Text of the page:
AUAS researchers to make Amsterdam’s rooftops climate-adaptive

European subsidy worth € 4.8 million secured for 10,000 m2 of rooftops

24 Oct 2018 16:33 | Centre for Applied Research Technology

Amsterdam will install smart ‘blue-green’ roofs on social housing buildings. These roofs allow for extra (blue) water to be stored beneath the green surface, better protecting the homes and their environment against extreme rainfall or heat and drought. On 10 October, it was announced that this project won a € 4.8 million European subsidy for innovations related to climate change adaptation.

The blue-green roofs have an additional benefit compared to green roofs in that they can store much more water. This means that the evaporation process takes longer during periods of heat and drought, resulting in temperatures remaining lower both in the homes and in the surrounding neighbourhood. This also allows a wider variety of plants to grow, increasing biodiversity.


AUAS is contributing to this project in a number of ways. Firstly, AUAS will look into the effect of the blue-green roofs on the city. To what extent do they reduce flooding? Are there positive effects on heat stress and liveability? This research is being carried out by Urban Technology under the leadership of Professor Jeroen Kluck. “Blue or green roofs help cool the city through water evaporation, but how large the effects are and what exactly the benefits are in terms of cooling is something we have a lot of questions about and something we aim to make more concrete," says Kluck.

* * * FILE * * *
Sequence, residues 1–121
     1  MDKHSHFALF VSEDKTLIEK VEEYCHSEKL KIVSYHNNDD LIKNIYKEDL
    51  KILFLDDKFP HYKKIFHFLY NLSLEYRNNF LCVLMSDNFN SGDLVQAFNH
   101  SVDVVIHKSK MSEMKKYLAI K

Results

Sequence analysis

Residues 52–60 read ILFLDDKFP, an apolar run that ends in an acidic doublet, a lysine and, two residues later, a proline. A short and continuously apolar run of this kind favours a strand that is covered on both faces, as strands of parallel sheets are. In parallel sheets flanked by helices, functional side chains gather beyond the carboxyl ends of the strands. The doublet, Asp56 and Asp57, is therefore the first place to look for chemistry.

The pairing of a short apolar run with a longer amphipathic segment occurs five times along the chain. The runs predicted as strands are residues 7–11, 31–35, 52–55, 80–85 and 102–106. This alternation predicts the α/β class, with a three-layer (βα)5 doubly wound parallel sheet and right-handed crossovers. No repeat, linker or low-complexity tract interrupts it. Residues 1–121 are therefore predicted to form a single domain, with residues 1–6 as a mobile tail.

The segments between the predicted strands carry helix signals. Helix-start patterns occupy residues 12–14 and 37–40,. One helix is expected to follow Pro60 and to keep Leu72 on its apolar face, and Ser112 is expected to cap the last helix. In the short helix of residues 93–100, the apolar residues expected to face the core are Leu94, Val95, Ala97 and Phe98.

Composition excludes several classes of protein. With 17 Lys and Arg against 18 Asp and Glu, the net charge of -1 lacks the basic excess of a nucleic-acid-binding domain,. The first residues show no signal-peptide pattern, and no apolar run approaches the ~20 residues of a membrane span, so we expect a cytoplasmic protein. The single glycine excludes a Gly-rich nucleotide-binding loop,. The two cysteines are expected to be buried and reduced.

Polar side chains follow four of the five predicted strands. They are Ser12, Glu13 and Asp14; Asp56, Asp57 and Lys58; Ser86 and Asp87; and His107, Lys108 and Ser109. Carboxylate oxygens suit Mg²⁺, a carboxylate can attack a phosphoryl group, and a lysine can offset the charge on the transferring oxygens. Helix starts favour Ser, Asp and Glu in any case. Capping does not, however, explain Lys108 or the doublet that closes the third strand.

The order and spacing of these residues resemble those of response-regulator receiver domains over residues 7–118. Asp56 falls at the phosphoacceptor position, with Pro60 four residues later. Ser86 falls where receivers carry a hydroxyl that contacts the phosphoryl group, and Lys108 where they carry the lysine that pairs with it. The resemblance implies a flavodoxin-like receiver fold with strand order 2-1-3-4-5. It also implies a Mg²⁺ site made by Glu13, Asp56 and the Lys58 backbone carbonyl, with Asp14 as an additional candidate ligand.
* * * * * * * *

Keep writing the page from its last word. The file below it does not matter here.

AUAS is also examining the feasibility of the project. How can we organise blue-green roofs on a large scale? What is the role of the residents, the government, the social housing organisation, the Waternet water authority and other interested parties? On the basis of a costs-benefits analysis and an impact measurement, we will determine the value of the project to the city. We will look at how we can make blue-green roofs financially feasible in the city, both in terms of organisation and finance. This research will be carried out by Urban Management under the leadership of Professor Willem van Winden.


In the next three years, these smart blue-green roofs will be installed on 10,000 m2 of social housing rooftops at four locations in Amsterdam: the Bellamy neighbourhood, Geuzenveld, Oosterpark and Kattenburg. These locations have been chosen because these neighbourhoods have an increased risk of flooding and related damage in the event of extreme rainfall, and there are sufficient suitable roofs on homes owned by social housing organisations that are in need of replacement.

Weather forecast

An innovative aspect of this trial is the use of sensors, which enable the roof to retain or discharge water based on the weather forecast. The smart roofs are linked together in a network, allowing a new kind of water management to be realised at the neighbourhood and building level.

Project ‘RESILIO’

This project goes by the name RESILIO, which stands for ‘Resilience nEtwork of Smart Innovative cLImate-adapative rOoftops’. It is a cooperation between the City of Amsterdam, Waternet, Polderdak, Rooftop Revolution, AUAS, VU, Stadgenoot, Ymere, De Key and Consolidated. The RESILIO project has received this funding from the UIA (Urban Innovative Actions) programme of the European Union. Each year, the UIA programme offers a subsidy for innovative pilot projects in different areas.